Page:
Excerpted from Sun Lore of All Ages, by William Tyler Olcott, , at sacred-texts.com, Chap V. Solar Folklore:
“The Hindus often referred to the sun as “the eye of Mithra, Varuna, and Agni,” and at sunrise or sunset, when the sun appeared to be squatting on the water, they likened it to a frog. This simile gave rise to a Sanscrit story, which is found also in German and Gaelic.
“Bhekî (the frog) was a beautiful maiden. One day when she was sitting near a well, a king rode by, and fascinated by her beauty, asked her hand in marriage. She consented on the condition that he would never show her a drop of water. He accepted, and they were married. One day being tired and thirsty she asked the king for a glass of water, and forgetting his promise, he granted her request, and his bride immediately vanished. That is to say, the sun disappeared when it touched the water.”
The sun was also regarded as a well, and in the Semitic, Persian, and Chinese languages the words “well” and “eye” are synonymous. Considered as a well, the rays of the sun were likened to the moisture that flows from the well.”
Frogs for in Japan, as in China, are auspicious creatures, bringing rain, fertility and good fortune…on account of the abundant number of eggs produced by a frog(about 1500). The frog is regarded as the god of rainfall associated with the tsuyu rainy season and with good harvests in Japan(rainfall being particularly important for abundant harvests of rice). In China, the three-legged toad was a traditional pet of the god of the wealth frog, and frog statues with a gold coin in the mouth, are commonly to be found.
Frogs for the Japanese, are ascribed magical powers, and are popular lucky amulets, because the word for frog in Japanese “kaeru” sounds like “kaeru” meaning “return”, therefore implying many happy returns (of money and fortune), a safe return journey, etc. The website “Symbology” explains it thus:
“Twenty-seven species of frog are found in Japan. Due to an agricultural economy based on the flooded rice paddy, the presence of frogs is considered to bring good fortune. Additionally, the frog has become a creature much beloved in poetry and art. Ceramic frogs are often sold at shrines as the Japanese word for ‘frog’ is the same as ‘to return’.”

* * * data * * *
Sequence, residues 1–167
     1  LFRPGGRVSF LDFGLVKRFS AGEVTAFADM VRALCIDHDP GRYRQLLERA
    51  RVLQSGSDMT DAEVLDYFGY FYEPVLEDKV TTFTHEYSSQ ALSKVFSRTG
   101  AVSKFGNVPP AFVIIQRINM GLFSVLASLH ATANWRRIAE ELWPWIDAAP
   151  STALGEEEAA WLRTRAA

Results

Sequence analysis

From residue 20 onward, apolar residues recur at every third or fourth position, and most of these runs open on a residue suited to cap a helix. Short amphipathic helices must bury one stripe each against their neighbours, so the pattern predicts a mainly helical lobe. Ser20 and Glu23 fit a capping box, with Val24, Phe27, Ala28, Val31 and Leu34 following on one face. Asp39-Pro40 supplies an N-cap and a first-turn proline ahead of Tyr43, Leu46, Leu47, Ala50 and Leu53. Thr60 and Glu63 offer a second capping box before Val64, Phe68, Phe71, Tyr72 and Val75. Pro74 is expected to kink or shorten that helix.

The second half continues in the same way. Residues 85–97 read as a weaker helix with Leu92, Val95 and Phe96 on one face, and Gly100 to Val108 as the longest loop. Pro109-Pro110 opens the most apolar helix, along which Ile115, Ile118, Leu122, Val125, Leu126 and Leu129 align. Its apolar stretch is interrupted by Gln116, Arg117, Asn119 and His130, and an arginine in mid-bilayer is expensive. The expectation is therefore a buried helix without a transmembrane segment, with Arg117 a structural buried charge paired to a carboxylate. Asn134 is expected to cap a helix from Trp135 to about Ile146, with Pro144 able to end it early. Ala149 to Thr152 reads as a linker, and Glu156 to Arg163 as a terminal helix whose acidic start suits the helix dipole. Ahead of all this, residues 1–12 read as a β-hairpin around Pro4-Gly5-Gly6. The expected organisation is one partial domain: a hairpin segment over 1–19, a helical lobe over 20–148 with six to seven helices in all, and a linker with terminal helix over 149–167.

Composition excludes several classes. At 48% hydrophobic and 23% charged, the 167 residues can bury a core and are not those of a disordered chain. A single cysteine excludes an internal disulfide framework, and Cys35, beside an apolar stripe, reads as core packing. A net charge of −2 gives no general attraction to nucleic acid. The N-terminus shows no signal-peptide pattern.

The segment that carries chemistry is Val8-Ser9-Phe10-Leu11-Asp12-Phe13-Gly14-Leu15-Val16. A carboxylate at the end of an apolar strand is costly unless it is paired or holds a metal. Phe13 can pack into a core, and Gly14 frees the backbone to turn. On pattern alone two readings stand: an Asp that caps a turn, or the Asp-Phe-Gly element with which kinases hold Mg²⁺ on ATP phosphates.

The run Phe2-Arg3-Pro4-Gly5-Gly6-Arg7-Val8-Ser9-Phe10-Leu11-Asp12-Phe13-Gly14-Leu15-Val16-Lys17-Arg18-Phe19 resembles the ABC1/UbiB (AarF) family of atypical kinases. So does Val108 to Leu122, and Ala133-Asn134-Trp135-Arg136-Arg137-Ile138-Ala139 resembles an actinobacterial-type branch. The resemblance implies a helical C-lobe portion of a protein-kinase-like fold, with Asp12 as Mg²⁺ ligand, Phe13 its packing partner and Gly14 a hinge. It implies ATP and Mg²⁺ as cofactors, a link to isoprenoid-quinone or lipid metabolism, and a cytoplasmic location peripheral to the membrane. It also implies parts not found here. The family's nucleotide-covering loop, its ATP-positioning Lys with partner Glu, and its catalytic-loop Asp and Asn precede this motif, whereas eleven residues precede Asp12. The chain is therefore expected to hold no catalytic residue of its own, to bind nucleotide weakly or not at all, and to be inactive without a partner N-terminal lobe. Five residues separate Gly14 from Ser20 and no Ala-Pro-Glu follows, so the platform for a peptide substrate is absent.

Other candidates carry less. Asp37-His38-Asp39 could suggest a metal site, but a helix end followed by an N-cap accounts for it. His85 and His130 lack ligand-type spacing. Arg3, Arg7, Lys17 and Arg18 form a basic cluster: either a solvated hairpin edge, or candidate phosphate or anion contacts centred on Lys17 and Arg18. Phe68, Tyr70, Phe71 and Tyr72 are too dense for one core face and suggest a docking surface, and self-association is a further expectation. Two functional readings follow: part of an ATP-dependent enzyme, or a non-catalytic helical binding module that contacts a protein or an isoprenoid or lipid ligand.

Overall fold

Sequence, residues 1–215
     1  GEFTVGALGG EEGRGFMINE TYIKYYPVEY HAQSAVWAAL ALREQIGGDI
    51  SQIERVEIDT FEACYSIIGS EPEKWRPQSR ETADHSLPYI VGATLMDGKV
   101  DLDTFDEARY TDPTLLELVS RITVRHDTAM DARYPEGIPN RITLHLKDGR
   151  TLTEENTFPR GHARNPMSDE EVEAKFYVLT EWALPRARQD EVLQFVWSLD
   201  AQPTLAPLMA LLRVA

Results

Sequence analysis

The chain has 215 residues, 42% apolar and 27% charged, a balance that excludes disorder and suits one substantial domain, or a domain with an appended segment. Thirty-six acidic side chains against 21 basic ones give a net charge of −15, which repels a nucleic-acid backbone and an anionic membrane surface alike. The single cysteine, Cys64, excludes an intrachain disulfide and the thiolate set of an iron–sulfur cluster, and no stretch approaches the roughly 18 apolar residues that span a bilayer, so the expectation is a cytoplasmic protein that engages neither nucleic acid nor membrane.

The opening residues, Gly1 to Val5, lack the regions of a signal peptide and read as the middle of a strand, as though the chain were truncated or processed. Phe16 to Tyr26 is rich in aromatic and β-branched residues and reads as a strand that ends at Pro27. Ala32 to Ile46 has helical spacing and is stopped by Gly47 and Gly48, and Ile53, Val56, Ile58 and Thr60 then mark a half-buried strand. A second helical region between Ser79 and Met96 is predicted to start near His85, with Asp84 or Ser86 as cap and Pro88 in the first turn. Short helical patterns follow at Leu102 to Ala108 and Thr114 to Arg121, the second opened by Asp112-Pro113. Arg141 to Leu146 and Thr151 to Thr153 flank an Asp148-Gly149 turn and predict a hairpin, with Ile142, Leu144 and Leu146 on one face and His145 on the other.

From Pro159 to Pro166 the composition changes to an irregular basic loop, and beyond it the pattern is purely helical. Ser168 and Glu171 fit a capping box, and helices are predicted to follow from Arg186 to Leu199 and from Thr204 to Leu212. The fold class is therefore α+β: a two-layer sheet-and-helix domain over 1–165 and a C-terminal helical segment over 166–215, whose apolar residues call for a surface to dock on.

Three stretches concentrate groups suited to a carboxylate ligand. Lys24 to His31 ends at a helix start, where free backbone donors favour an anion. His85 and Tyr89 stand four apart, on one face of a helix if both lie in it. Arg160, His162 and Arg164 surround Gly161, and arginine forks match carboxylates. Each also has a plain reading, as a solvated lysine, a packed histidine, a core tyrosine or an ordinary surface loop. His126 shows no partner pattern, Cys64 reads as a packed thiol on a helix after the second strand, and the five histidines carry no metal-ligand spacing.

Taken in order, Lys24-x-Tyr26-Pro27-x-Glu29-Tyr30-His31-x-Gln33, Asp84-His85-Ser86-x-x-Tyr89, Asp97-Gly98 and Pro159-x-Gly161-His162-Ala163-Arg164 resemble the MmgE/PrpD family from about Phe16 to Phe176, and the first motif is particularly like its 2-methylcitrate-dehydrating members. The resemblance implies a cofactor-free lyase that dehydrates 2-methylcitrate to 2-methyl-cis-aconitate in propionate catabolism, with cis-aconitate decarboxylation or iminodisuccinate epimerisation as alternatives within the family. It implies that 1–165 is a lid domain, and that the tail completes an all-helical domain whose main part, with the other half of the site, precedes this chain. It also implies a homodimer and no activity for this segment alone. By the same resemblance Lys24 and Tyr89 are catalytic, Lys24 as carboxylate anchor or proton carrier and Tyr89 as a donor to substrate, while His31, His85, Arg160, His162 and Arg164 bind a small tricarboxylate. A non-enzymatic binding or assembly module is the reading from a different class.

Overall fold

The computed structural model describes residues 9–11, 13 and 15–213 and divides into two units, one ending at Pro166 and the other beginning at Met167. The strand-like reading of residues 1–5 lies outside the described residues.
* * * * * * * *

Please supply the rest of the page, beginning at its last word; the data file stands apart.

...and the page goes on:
Finally, the frog or rather the toad, in Japan, shares the same association with the moon as found across several cultures, such as India, Nepal and China:
“Both/either [Rana-, Bufo-] is associated with auspiciousness and prosperity. For, it seems that Hou I, a tribal ruler who may have lived 4500 years ago, obtained the Elixir of Immortality from Hsi Wang Mu, the goddess Queen Mother of the West. When his envious wife, Ch’ang O, stole it she fled to the moon where she was transformed into a toad whose image may be seen there to this day.
This is the Three-legged Toad-who- lives-in-the-moon. Its digits stand for the three lunar phases. Some see the 3 as representing the relation of heaven, earth and the opportunity for prosperity. Like the Hare-in-the-Moon, it is a custodian of the elixir of immortality. During a lunar eclipse, it is said that she/he swallows the moon.”
Other sources readings and references:
The frog (Kaeru) (Hyotan website)
Olcott, William Tyler Sun Lore of All Ages, , at sacred-texts.com:
“The Egyptians regarded the sun as a child when it was rising, and as an old man when it was setting in the evening. These ideas were also transferred to the annual motion of the sun. Macrobius states that the Egyptians compared the yearly course of the sun with the phases of human life; thus, a little child signified the winter solstice, a young man the spring equinox, a bearded man the summer solstice, and an old man the autumnal equinox. They also thought that Hercules had his seat in the sun, and that he travelled with it round the moon…”